I received this book for free in exchange for an honest review. This does not affect my opinion of the book or the content of my review.
“Eva,” he whispers in a low groan. “Friends shouldn’t do this.”
Third in the Love on Cue series stars Eva and Anthony. Eva was the friend and Anthony the cousin to the heroine in the first in the series, Acting on Impulse. Series readers will enjoy the many appearances and inclusion of past heroines and heroes. However, newbies could comfortably start here as Eva and Anthony are just beginning their relationship. Eva and Anthony start off a little ornery with each other but when their thought to be one-night stand turns into now we're working with each other, their back and forth really heats up.
Eva was a gusty heroine, she moved from the east coast to the west, even though she lost financial and emotional support promised by her dad. She does gain proximity to her bestfriend and a job, which I must mention how wonderful it was to read about three women (heroines from #1 and #2 Pretending His Mine ) with varying personalities having fun together, encouraging, and being a support system for each other. It helps round out the heroine and series' world when they don't live in isolation or primarily for the hero. Even though I didn't get a great feel for Eva's relationship with her mother, I enjoyed how her issues with her father weren't heavy angst, more like family growing pains; it was nice to see them talk and work to improve their relationship.
Anthony had the often used, can't commit because my father loved my mother more than she did him and now I can never love because I don't want to turn out like him. This felt a little forced and I thought the overall theme and feeling of the story's two people trying to navigate life and open up for love, could have did without it. Anthony seemed like a pretty busy guy, he helps to run/instruct at a gym and stunt work business, just having him unsure if he could take time from his career while emotionally opening himself up could have worked.
“Last night was incredible, but I think you wanted to keep it impersonal, and only after experiencing impersonal did I realize it doesn’t fit the way I feel about you.”
I really enjoyed Eva and Anthony's back and forth and chemistry. There were a couple times where I thought they didn't have to be so clever with each other all the time but it was refreshing how they were generally friends through the majority of it. They both had a little bit of bitterness and fear of what could happen, instead of taking each problem as it came. It was enjoyable to follow along with them as their chemistry couldn't help but push their friendship into more heated situations. They also did a great job talking and owning up to mistakes or missteps.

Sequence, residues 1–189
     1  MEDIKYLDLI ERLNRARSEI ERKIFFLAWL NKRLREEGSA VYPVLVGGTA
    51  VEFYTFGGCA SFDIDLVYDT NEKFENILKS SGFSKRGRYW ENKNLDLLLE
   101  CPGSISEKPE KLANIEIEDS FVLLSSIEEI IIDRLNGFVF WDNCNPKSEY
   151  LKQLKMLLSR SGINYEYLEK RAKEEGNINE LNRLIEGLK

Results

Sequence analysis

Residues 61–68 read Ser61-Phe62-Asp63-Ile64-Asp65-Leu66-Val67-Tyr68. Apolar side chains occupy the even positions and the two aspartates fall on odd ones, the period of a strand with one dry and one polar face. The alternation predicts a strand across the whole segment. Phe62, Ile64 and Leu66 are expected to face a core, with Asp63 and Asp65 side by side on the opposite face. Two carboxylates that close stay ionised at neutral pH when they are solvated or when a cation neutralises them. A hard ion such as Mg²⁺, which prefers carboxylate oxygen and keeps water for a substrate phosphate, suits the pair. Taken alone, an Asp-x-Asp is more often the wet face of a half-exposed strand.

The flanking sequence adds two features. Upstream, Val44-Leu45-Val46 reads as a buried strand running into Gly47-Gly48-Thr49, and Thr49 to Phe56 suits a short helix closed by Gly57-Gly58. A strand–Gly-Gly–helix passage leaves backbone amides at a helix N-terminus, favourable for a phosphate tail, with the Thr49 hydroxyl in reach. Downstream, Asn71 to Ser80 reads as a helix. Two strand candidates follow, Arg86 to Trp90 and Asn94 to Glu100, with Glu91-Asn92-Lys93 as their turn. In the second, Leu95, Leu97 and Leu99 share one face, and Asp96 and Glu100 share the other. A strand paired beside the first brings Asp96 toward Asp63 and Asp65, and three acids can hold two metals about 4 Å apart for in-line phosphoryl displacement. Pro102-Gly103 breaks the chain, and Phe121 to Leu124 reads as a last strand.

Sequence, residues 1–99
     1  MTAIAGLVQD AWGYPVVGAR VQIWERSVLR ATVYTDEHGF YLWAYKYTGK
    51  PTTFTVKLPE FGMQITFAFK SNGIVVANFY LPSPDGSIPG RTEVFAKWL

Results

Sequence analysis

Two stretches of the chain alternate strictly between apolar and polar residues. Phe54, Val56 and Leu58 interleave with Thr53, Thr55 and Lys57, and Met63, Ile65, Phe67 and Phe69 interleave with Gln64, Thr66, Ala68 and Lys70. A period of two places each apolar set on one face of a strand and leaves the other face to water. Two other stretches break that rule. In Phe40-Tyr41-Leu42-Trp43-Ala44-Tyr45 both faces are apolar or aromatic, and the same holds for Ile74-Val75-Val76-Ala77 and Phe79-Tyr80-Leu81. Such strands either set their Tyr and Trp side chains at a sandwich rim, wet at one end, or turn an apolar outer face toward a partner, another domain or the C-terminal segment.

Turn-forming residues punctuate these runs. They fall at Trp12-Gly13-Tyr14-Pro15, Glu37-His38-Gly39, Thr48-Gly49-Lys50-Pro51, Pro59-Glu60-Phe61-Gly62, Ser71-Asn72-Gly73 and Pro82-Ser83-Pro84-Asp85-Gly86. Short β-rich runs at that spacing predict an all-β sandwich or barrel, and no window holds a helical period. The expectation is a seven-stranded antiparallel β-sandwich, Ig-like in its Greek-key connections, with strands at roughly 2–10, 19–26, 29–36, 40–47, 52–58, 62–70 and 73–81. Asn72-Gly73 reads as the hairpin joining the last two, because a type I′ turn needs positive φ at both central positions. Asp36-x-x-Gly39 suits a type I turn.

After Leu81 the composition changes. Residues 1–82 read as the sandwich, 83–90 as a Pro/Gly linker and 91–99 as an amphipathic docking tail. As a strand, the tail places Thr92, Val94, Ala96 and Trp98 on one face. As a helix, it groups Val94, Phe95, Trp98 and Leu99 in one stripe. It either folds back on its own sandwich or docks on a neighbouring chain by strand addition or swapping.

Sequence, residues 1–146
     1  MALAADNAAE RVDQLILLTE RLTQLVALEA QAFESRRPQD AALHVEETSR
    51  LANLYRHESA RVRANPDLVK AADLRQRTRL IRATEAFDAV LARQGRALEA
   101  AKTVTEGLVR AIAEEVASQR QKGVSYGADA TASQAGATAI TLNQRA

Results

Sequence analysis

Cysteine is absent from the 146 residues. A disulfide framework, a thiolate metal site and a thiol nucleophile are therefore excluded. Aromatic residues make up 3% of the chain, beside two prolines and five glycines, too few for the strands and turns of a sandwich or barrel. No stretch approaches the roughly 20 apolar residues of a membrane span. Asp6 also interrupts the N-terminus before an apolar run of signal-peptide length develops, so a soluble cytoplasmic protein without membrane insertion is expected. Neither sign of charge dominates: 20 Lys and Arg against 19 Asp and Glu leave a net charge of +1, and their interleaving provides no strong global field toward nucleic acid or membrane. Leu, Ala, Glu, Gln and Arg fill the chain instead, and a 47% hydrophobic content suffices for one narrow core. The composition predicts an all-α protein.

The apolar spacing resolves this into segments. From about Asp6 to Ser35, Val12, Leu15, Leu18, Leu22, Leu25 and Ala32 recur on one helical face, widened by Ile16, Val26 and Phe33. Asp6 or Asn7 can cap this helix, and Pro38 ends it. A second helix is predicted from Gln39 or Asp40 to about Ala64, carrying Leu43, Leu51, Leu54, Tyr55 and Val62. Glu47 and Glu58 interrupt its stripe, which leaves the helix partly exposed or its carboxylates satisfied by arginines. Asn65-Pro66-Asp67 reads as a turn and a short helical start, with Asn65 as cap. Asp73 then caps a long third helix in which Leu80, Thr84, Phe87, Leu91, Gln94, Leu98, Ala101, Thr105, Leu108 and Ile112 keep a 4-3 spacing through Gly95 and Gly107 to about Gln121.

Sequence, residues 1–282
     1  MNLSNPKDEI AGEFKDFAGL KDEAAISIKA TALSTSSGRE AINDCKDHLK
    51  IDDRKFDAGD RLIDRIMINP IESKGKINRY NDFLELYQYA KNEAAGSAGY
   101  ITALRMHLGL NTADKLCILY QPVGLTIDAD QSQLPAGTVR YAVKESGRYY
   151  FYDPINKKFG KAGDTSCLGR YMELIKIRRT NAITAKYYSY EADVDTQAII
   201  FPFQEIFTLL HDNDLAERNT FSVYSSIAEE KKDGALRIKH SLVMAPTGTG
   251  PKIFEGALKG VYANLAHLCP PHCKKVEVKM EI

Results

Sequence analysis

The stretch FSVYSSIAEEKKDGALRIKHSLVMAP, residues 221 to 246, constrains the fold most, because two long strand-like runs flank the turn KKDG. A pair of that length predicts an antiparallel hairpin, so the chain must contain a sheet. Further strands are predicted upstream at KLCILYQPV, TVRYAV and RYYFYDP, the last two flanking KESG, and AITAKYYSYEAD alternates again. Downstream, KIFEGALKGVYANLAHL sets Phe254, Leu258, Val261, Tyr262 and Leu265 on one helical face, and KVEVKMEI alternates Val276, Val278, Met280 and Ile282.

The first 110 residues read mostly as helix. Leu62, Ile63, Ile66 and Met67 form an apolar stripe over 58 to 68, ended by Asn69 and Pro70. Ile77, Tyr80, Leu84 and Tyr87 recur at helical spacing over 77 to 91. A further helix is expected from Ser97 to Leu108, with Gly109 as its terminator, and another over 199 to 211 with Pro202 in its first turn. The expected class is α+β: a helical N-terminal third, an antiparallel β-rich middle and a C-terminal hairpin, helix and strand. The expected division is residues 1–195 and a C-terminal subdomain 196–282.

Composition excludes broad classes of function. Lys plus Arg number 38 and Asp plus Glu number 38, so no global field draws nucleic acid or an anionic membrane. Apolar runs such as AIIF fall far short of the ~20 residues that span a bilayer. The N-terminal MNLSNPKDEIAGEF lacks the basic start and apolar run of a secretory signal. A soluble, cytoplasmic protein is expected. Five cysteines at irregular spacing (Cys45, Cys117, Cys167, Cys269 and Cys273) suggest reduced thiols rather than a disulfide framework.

This is written in first person point of view, alternating chapters, which not a personal favorite, I sometimes feel like I'm missing some connection between the two. *Per publisher's email, this was a formatting mistake and will be fixed in final copy. I read an arc of this, so not sure if this will be changed, but there were a couple times where the pov changed within a chapter, without any warning. An example:
When I cup her cheeks, sweeping my thumbs under her eyes to dry them, she leans into my touch, all soft and vulnerable. “Hey, hey, baby,” I say. “Talk to me. Why the tears?”
I look up at Anthony, not caring that I’m a blubbering mess. The warmth of his body is a balm that calms me like a magic cure for a colicky baby.
This chapter was under the heading “Anthony” and was all from his pov, until suddenly it switched to Eva. This is exactly how it read for me, no spaces or acknowledgment that the pov was changing to Eva. I, personally, found this incredibly disruptive to the flow and had me backtracking and some confusion as to was speaking for a little bit. This example was easier to catch on because of the “look up at Anthony” right away but the “I” at first made it read funny to me. Others who read a lot of first pov may not have the problems I did.*
This author does a fantastic job writing family and friendship dynamics, I believe in her characters and world. I do think that while this is contemporary right now, the character's parlance could have this not aging well, even within 5/10 years; a lot of current/pop culture word usage. The author's use of food to immerse and showcase in some small way the characters' cultures was delightful and had me wishing there was a companion cookbook. All in all, an entertaining contemporary where two people try to just be friends but their chemistry can't be denied.